The element found in highest concentration in the shoots of the South-western Australian plants surveyed is N followed by K ≤ Ca ≤ Cl ≤ Mg ≤ P ≤ Mn ≤ Zn ≤ Cu. The oligotrophic families (mainly primitive Australian pioneer families Proteaceae, Casuarinaceae, Restionaceae and Epacridaceae) have the lowest nutrient concentrations. The nitrogen-fixing Mimosaceae and Papilionaceae have the highest N concentrations though the nitrogen-fixing Casaurinaceae have relatively low N concentrations. The native shrubs have lower tissue concentrations than the introduced species.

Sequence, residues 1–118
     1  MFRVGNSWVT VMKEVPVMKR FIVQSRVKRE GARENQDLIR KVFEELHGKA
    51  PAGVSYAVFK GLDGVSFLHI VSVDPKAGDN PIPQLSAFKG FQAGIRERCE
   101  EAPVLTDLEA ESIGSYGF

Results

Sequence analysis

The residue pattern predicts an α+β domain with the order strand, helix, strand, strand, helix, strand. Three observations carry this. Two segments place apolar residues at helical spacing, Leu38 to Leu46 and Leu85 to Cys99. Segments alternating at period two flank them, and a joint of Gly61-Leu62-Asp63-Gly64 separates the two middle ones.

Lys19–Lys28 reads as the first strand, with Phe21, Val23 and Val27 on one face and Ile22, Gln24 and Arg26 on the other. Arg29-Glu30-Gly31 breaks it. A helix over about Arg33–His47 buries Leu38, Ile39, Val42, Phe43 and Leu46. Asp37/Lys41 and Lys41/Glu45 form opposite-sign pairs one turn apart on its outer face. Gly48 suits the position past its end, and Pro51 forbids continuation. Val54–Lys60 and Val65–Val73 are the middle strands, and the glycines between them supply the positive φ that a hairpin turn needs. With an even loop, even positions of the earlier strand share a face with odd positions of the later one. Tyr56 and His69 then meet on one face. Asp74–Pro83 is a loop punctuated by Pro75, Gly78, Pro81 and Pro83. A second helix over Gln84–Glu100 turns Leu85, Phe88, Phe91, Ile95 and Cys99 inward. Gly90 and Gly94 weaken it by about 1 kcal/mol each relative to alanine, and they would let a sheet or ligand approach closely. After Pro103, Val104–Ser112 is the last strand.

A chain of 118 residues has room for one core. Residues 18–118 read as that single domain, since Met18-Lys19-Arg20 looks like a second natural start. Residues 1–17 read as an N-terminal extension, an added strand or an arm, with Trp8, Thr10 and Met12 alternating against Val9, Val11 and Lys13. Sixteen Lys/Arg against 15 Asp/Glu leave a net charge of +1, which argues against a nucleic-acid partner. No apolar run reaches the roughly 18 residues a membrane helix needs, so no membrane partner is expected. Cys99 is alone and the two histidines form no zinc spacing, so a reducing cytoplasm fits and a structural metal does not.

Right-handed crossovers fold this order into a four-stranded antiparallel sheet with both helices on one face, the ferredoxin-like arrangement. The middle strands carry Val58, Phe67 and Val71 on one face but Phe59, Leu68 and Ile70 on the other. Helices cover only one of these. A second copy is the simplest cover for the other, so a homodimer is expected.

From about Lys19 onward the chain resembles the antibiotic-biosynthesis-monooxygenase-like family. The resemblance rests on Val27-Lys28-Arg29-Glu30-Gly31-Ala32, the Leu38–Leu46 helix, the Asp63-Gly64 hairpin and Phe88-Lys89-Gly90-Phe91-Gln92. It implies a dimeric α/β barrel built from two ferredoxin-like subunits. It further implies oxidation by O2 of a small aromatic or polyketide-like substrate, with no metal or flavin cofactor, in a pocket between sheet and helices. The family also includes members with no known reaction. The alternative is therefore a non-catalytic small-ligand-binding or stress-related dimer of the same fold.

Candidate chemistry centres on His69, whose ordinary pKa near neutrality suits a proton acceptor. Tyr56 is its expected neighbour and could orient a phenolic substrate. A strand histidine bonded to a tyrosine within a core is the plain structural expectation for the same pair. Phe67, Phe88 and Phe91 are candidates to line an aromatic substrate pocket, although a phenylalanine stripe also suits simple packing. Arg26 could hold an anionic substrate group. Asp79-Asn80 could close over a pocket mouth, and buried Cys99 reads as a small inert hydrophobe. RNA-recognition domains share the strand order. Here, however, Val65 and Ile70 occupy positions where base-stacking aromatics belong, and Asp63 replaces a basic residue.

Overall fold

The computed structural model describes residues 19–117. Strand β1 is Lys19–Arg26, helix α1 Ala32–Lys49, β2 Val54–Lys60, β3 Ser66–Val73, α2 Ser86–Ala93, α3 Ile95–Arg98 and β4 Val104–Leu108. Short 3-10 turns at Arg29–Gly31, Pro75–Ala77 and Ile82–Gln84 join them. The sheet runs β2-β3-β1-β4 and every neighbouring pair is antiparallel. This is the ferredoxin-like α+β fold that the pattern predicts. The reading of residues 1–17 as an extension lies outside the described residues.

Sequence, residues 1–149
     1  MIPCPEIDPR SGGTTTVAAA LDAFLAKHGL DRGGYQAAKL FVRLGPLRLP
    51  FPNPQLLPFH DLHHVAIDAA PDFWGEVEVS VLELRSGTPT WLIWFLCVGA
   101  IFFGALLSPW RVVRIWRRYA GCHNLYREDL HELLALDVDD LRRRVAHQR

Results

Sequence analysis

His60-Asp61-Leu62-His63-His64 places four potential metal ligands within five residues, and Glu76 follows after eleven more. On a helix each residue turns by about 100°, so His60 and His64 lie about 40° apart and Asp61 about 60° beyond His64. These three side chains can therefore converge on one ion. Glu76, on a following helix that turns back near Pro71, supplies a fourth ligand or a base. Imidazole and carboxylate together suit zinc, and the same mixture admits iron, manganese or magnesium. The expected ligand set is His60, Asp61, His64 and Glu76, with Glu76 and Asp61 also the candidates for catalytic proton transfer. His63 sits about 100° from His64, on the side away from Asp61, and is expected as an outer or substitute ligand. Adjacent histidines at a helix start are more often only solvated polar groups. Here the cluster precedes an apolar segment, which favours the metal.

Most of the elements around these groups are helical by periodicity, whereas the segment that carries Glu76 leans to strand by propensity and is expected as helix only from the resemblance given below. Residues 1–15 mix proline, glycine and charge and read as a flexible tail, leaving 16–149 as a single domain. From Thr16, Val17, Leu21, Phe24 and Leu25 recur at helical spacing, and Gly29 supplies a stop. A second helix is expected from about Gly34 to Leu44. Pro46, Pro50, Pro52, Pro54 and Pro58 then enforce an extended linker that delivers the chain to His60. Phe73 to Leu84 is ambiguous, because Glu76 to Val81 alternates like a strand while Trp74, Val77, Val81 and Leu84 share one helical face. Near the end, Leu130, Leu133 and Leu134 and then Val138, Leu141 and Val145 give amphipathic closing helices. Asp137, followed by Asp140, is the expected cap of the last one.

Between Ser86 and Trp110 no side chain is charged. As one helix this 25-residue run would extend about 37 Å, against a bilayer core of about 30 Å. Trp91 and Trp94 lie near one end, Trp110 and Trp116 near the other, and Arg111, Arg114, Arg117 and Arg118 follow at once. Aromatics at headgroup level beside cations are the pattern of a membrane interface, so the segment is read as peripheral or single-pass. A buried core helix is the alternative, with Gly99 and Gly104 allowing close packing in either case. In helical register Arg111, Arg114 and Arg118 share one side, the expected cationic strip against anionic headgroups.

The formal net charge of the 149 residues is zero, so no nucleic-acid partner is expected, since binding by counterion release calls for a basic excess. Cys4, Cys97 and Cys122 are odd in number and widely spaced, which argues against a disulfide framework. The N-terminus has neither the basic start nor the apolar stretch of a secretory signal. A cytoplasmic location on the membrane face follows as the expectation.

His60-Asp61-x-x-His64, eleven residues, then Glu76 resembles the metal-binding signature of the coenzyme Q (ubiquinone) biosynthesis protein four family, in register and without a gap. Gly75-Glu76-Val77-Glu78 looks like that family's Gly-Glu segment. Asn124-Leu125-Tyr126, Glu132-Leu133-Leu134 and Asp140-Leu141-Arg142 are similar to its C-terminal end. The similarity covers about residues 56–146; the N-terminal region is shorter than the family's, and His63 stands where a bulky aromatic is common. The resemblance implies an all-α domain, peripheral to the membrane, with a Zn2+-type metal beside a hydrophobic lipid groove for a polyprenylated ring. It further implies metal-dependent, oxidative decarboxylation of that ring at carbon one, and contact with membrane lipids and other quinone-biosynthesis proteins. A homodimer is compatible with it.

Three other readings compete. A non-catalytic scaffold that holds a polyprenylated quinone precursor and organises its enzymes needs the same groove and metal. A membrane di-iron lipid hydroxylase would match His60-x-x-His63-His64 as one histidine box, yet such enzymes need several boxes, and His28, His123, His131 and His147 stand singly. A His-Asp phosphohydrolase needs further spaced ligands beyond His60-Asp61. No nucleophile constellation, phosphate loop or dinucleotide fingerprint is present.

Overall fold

Certain families possess a great variation in the concentration of tissue Mn (e.g. Proteaceae, Casuarinaceae) with certain individuals containing high concentrations compared to the average South-west Australian species.
Increased amounts of soil nutrients can cause an increase in shoot concentration of the species found growing there, e.g. rich habitats (limestone heath) tend to have higher concentrations than those found on depleted habitats (sandplain heaths).
There was no correlation found between shoot concentrations and mean annual rainfall.